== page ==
The title of the Act (as noted above) reflected the legislature's primary attention to matters that were specific to “lifetime” trusts. On the other hand, the title failed to reflect the legislature's additional attention to the merger problem, an issue that was by no means peculiar to such trusts. That failure cannot be determinative of the scope of the Act. The title to an enactment is technically not a part of the legislation it proposes to describe, and it cannot serve to alter or limit the ambit of the enactment itself (see, McKinney's Consolidated Laws of N.Y., Book 1, Statutes § 123).
By its amendment of EPTL 7-1.1, the legislature brought New York in line with the vast majority of States that have rejected the merger doctrine. In eliminating the doctrine, the legislature also eliminated the drain on judicial and trust resources previously required in order to circumvent the doctrine through the appointment of additional trustees. As noted earlier, there is nothing in the language of the new EPTL 7-1.1, or in the nature of its subject matter, to suggest that the legislature intended to achieve such benefit for some types of trusts, but not for others. The conclusion is, rather, that the new law was intended to apply to testamentary and lifetime trusts alike.
The question remains whether the legislature intended to make its new non-merger law applicable to existing trusts or only to trusts postdating the enactment. The issue arises in light of section 7 of the Act, which provides that it “applies to lifetime trusts created on or after the effective date”. Although such language might in the abstract be read to exclude existing trusts from the effect of the new EPTL 7-1.1, a fuller analysis points to a contrary conclusion. First, section 7 provides, at its outset, that the Act (excepting certain of its sections unrelated to the merger issue) “is effective immediately”, suggesting that the Act is to operate upon existing trust entities, as well as upon such future entities. In that light, the expressed limit on the Act's application to lifetime trusts may be construed to arise only in relation to sections of the Act that are applicable to lifetime trusts alone. As discussed above, section 2 of the Act, amending EPTL 7-1.1, is not among those sections. Such distinction would make sense, since, unlike the new rules concerning only lifetime trusts (governing, e.g., the mode of executing or funding such trusts), the new nonmerger rule could not, as a practical matter, take the creators of existing trusts at an unfair surprise. Even under the prior EPTL 7-1.1, the creator of an existing trust knew that merger was avoidable (by judicial remedy), unless the trust instrument clearly evidenced the creator's intent that merger occur (see, e.g., Matter of Phipps, supra). As under the old law, nothing under the new statute would appear to prevent a merger if a trust's creator clearly would have intended it to occur. Thus, as the 1993 Assembly bill had recognized, there was no element of unfairness, much less constitutional impediment, in abolishing the State's merger rule for purposes of all trusts. A commonsense reading of the Act thus leads to the conclusion that the legislature intended the new EPTL 7-1.1 to accomplish its reform for every trust, since its application to all could not result in harm to any.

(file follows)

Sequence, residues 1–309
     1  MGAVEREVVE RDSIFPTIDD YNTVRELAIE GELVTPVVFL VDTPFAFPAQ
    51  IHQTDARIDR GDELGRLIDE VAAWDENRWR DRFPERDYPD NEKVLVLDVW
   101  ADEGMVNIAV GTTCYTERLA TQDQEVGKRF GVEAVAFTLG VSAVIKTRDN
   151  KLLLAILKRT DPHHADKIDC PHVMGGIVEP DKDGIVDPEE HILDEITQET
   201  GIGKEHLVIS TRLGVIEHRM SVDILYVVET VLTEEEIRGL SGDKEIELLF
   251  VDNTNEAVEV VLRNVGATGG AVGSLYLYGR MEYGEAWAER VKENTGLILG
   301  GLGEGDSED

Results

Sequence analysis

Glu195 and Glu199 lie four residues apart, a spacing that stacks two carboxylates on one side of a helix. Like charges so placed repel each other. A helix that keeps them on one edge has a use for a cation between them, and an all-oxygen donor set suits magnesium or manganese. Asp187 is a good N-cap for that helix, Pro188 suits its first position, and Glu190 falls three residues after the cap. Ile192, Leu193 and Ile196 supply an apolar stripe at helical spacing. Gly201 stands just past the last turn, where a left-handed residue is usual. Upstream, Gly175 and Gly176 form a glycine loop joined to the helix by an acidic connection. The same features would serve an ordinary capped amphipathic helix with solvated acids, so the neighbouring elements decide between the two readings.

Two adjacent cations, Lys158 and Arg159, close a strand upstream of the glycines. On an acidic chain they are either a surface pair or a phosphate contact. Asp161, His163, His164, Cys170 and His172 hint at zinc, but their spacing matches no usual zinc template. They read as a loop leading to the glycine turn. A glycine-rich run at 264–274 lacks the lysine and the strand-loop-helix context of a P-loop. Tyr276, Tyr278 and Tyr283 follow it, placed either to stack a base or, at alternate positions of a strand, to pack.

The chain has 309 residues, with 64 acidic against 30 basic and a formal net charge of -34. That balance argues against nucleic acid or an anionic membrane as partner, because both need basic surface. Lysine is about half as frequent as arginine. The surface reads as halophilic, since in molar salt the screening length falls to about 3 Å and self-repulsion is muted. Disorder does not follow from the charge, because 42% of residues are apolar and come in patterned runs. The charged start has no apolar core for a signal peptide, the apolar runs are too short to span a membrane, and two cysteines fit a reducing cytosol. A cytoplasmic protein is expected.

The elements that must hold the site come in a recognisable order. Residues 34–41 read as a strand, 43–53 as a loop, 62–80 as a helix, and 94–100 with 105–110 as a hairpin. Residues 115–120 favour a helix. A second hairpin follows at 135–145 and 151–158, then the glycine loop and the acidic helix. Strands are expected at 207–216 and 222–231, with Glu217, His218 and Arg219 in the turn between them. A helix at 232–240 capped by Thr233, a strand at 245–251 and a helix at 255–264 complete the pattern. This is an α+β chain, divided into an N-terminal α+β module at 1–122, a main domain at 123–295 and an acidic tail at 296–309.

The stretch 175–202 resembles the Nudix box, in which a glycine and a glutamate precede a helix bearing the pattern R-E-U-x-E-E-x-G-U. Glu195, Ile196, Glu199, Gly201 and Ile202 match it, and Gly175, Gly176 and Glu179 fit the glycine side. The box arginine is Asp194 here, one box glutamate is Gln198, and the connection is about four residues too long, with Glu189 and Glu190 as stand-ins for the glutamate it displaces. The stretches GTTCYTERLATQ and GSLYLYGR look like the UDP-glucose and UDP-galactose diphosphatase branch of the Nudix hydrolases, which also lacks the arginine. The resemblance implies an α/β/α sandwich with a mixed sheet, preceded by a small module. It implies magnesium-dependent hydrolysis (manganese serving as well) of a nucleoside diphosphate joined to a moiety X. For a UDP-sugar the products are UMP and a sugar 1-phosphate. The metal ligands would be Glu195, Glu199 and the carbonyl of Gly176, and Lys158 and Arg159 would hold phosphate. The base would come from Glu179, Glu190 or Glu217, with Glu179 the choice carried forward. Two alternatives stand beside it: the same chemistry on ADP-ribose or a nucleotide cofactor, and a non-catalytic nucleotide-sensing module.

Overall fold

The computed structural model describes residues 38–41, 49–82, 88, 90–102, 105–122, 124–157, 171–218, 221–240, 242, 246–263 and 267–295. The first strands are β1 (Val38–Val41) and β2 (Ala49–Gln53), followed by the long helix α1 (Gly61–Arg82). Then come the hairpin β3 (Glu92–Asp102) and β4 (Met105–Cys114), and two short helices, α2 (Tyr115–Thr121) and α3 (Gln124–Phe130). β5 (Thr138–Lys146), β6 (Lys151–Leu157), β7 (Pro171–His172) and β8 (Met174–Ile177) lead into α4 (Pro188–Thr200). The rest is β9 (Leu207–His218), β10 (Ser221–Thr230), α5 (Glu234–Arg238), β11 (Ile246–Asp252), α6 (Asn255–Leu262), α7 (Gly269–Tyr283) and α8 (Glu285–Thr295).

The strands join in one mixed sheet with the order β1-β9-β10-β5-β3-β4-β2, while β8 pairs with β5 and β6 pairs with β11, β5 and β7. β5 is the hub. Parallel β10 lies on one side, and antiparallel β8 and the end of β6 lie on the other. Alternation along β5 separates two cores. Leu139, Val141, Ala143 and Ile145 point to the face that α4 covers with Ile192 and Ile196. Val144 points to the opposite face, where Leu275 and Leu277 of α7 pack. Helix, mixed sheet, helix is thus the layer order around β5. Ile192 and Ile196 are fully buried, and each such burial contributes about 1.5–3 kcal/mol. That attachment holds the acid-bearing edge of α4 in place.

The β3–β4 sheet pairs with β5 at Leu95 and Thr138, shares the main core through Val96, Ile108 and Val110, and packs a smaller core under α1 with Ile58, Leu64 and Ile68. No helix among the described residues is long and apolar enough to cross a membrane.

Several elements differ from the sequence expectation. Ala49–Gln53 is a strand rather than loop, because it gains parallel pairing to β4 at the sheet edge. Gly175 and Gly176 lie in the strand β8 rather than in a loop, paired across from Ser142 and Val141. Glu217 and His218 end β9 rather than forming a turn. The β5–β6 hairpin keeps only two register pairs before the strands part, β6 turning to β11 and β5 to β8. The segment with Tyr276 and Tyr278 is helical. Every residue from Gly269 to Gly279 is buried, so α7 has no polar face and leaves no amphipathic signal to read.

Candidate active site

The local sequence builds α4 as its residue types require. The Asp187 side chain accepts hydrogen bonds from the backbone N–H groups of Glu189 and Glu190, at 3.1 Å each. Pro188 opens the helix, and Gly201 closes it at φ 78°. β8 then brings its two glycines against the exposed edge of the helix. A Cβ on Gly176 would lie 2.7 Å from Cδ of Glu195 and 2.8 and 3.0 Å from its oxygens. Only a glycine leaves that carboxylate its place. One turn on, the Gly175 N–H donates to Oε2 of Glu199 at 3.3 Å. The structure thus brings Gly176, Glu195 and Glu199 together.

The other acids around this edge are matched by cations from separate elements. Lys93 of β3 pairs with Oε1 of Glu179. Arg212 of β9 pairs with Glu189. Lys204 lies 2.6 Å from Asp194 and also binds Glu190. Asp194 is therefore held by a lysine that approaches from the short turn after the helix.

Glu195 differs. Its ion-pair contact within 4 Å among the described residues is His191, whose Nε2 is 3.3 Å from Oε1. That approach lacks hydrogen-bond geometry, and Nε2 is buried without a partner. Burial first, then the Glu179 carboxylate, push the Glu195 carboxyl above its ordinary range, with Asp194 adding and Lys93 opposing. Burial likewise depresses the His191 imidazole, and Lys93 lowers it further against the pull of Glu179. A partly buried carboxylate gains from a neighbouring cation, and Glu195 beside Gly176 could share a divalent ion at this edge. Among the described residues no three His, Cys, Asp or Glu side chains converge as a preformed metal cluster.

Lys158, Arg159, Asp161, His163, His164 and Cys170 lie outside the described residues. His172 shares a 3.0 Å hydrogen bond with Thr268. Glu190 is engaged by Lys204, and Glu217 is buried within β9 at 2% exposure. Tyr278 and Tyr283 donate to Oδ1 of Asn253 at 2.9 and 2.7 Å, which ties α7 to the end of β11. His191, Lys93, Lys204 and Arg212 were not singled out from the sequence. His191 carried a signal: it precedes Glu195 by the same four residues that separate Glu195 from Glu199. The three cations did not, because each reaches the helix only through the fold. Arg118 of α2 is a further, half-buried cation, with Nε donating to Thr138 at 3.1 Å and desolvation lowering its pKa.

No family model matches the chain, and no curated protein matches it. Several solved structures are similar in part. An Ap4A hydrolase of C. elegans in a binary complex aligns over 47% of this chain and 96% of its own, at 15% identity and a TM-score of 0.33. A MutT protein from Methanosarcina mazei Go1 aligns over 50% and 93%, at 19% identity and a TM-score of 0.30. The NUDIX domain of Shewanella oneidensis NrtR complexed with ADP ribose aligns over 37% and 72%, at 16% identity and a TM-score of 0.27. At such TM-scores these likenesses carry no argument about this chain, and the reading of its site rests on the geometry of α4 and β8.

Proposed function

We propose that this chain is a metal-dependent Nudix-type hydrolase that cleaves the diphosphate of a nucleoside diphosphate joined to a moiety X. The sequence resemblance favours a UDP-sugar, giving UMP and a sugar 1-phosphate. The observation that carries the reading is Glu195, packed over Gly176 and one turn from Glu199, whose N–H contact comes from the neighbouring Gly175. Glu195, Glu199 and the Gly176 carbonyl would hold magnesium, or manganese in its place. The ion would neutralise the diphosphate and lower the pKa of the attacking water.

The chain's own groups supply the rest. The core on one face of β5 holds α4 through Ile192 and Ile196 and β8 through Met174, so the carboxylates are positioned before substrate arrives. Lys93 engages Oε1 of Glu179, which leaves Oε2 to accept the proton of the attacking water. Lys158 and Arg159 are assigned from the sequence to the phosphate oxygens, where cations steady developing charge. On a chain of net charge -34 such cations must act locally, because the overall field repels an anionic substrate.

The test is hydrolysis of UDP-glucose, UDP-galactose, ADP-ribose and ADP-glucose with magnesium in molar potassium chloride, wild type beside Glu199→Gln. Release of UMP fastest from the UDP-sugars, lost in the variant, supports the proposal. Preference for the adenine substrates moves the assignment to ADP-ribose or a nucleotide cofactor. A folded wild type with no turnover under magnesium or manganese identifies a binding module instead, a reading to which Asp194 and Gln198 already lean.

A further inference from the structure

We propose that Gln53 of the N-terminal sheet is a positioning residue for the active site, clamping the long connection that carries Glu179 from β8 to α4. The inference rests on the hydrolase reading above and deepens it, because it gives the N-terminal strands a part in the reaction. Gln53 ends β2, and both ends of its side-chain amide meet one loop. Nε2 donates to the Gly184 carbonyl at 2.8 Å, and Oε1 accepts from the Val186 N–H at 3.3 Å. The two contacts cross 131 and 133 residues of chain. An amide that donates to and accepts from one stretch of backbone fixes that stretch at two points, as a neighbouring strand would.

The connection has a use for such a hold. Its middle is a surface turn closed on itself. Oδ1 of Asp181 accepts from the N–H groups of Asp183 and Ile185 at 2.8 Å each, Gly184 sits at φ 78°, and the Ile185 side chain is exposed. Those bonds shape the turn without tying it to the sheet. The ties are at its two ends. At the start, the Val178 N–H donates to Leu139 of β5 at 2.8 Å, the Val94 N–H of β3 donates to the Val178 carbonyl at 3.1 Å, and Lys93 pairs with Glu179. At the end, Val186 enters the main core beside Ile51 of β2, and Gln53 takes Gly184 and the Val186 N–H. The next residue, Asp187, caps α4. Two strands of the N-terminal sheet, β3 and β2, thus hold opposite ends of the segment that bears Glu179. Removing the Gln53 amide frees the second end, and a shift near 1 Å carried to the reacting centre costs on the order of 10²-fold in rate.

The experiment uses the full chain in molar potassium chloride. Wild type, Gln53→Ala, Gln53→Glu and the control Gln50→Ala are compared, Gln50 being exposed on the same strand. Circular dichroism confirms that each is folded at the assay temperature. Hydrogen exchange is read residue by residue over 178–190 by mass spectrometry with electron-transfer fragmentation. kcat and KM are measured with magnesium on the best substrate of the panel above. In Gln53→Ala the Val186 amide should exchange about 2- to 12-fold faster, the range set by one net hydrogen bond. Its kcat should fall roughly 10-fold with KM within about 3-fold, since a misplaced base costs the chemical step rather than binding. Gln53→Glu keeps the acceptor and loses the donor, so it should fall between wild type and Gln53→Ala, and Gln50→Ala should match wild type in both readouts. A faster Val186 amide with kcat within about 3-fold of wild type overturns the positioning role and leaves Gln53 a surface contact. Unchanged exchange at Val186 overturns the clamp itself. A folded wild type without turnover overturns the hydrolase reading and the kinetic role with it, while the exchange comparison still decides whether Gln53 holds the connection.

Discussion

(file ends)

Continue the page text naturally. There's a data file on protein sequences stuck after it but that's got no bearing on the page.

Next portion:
Accordingly, this decision constitutes the order of the Court dismissing the petition as unnecessary.
RENEE R. ROTH, Surrogate.